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Cinematography legends Vittorio Storaro (“Apocalypse Now,” “The Conformist”) and Ed Lachman (“Far From Heaven,” “Carol”) have been friends for 40 years. Lachman reveres Storaro’s work and leadership — but doesn’t hesitate to say he doesn’t share Storaro’s love for digital cameras.
“They can talk about 14-stop exposure range, but the color separation is different,”said Lachman. “The chemistry of R, G, B the three [color] layers — to me, it’s like an etching in the chemical process of the development. For me, there are certain films that should be photographed photographically, chemically… I can tell there’s a difference in the feeling of the film.”
The debate was part of a 90-minute conversation at the New York Film Festival October 11, moderated by festival director Kent Jones. Storaro talked about his positive transition to digital cinematography, which came largely through his collaboration with Woody Allen who directed the festival’s closing-night film, »
- Chris O'Falt
Robb Sheppard Oct 13, 2017
The Hot Shots! movies were the peak of spoof cinema in the 1990s. We take a look back...
Spoof. Say it aloud. Feels like a dirty word doesn’t it?
Aside from even sounding slightly smutty, the spoof movie genre has, of late, been sullied by (five!) Scary Movies, Meet The Spartans and - oh, the irony - Disaster Movie. Transitory, devoid of wit and with the lowest common denominator in their crosshairs, these movies aimed for the tittering teenager, the cheap thrill-seeker and the perpetually stoned.
Perhaps the above seems like a sweeping generalisation, but it’s with good cause. Where these movies and even the term spoof itself have since been eschewed, there remains a series of films which occupy a place of fondness in the heart of - including yours truly, obvs - many a film fan: the Zaz movies.
The writing, directing and producing partnership of David Zucker, »
Sean Baker’s “The Florida Project” has been hailed as his best film, a triumphant followup to his iPhone-shot “Tangerine” set in an Orlando budget motel that has wowed audiences at festivals around the world. Raves have singled out his six-year-old star, Brooklynn Prince, and Willem Dafoe as the hotel manager, both of whom anchor an extraordinary, heartbreaking drama.
But last summer, towards the end of production on “The Florida Project,” Baker confessed he was in hell. He compared his challenges to Francis Ford Coppola’s experiences on “Apocalypse Now” – living in fear that the production was constantly on the verge of collapse and sincerely wondering if the footage he was bringing back to New York to edit could be turned into a movie.
“Like all of my films, there’s still an element of not having control,” said Baker in an interview with IndieWire. For the film, he continued »
- Chris O'Falt
It’s been almost one full year since Shane Abbess’ Science Fiction Volume One: The Osiris Child made its world premiere at Fantastic Fest late September 2016. We recently caught up with Shane to talk about his film. We discussed everything from production design to music to the economy of the film, notably the team’s efforts getting shots both done in budget in a timely manner. However, aside from a handful of scenes, you’d expect that he had the luxury of resources to build this fascinating world.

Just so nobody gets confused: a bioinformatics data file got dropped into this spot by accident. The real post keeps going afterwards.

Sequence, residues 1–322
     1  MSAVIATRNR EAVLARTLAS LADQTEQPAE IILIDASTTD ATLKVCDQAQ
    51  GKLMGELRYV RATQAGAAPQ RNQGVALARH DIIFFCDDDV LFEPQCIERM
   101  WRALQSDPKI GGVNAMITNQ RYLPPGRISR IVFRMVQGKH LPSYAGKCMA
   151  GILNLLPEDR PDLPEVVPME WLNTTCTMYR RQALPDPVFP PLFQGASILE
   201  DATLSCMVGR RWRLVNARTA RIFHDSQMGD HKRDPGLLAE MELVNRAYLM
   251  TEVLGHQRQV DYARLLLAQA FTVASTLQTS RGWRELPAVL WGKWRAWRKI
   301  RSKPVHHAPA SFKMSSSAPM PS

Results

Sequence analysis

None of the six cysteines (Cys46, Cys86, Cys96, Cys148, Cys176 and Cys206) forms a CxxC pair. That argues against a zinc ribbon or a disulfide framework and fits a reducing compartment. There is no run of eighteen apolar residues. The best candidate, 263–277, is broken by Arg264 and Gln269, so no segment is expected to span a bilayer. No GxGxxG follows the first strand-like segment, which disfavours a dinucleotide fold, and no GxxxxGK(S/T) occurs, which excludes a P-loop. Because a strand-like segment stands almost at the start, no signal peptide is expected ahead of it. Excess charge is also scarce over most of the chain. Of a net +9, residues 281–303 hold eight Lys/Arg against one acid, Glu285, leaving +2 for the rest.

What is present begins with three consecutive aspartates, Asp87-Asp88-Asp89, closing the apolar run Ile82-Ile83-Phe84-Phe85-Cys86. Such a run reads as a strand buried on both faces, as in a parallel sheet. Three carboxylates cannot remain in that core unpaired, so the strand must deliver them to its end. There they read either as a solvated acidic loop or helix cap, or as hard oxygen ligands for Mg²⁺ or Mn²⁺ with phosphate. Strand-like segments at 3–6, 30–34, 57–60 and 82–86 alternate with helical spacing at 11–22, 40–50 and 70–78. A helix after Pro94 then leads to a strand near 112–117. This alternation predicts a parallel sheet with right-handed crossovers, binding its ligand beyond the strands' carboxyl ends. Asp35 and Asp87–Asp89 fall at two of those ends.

Culled from favorite childhood experiences/films, cherry-picked tropes from specific genres, and aimed at giving the audience things they’ve never seen before , the result of Abbess’ work is one of the most impressive sci-fi films this year. A long time coming for those of you who missed it on the festival circuit, but the ambitious sci-if gem that is The Osiris Child »
- Marc Ciafardini
Hugh Hefner, who passed away last week, had a huge influence on movies. There's the work he did in film preservation, helping to restore prints of The Big Sleep and Pandora's Box. There's the pop cultural presence his publication had in such movies as Apocalypse Now and of course The House Bunny. And he's been a figure worth portraying on screen, from James Franco's brief role in Lovelace to Cliff Roberton's performance in Star 80 and even Stan Lee's cameo in Iron Man. Now Hefner is going to finally get a proper biopic of his own. Brett Ratner, who has been trying to get the project made for at least a decade, has announced Jared Leto will star as the iconic Playboy mogul. Quoted by...
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- Christopher Campbell
You probably woke up as I did to horrific news of the mass shooting in Las Vegas. This, while Americans in Puerto Rico starve and drink muddy creek water in the aftermath of Hurricane Maria, »
- Sasha Stone
Indie movies seem to have a lot more heart these days, and when it comes to romantic comedies they generally have a lot more to say. Neither may actually be the case with The Truth About Lies, but the trailer makes it seem like a film that wants to explore serious ground within the comedic structure, and that’s a lot more rare than you might think.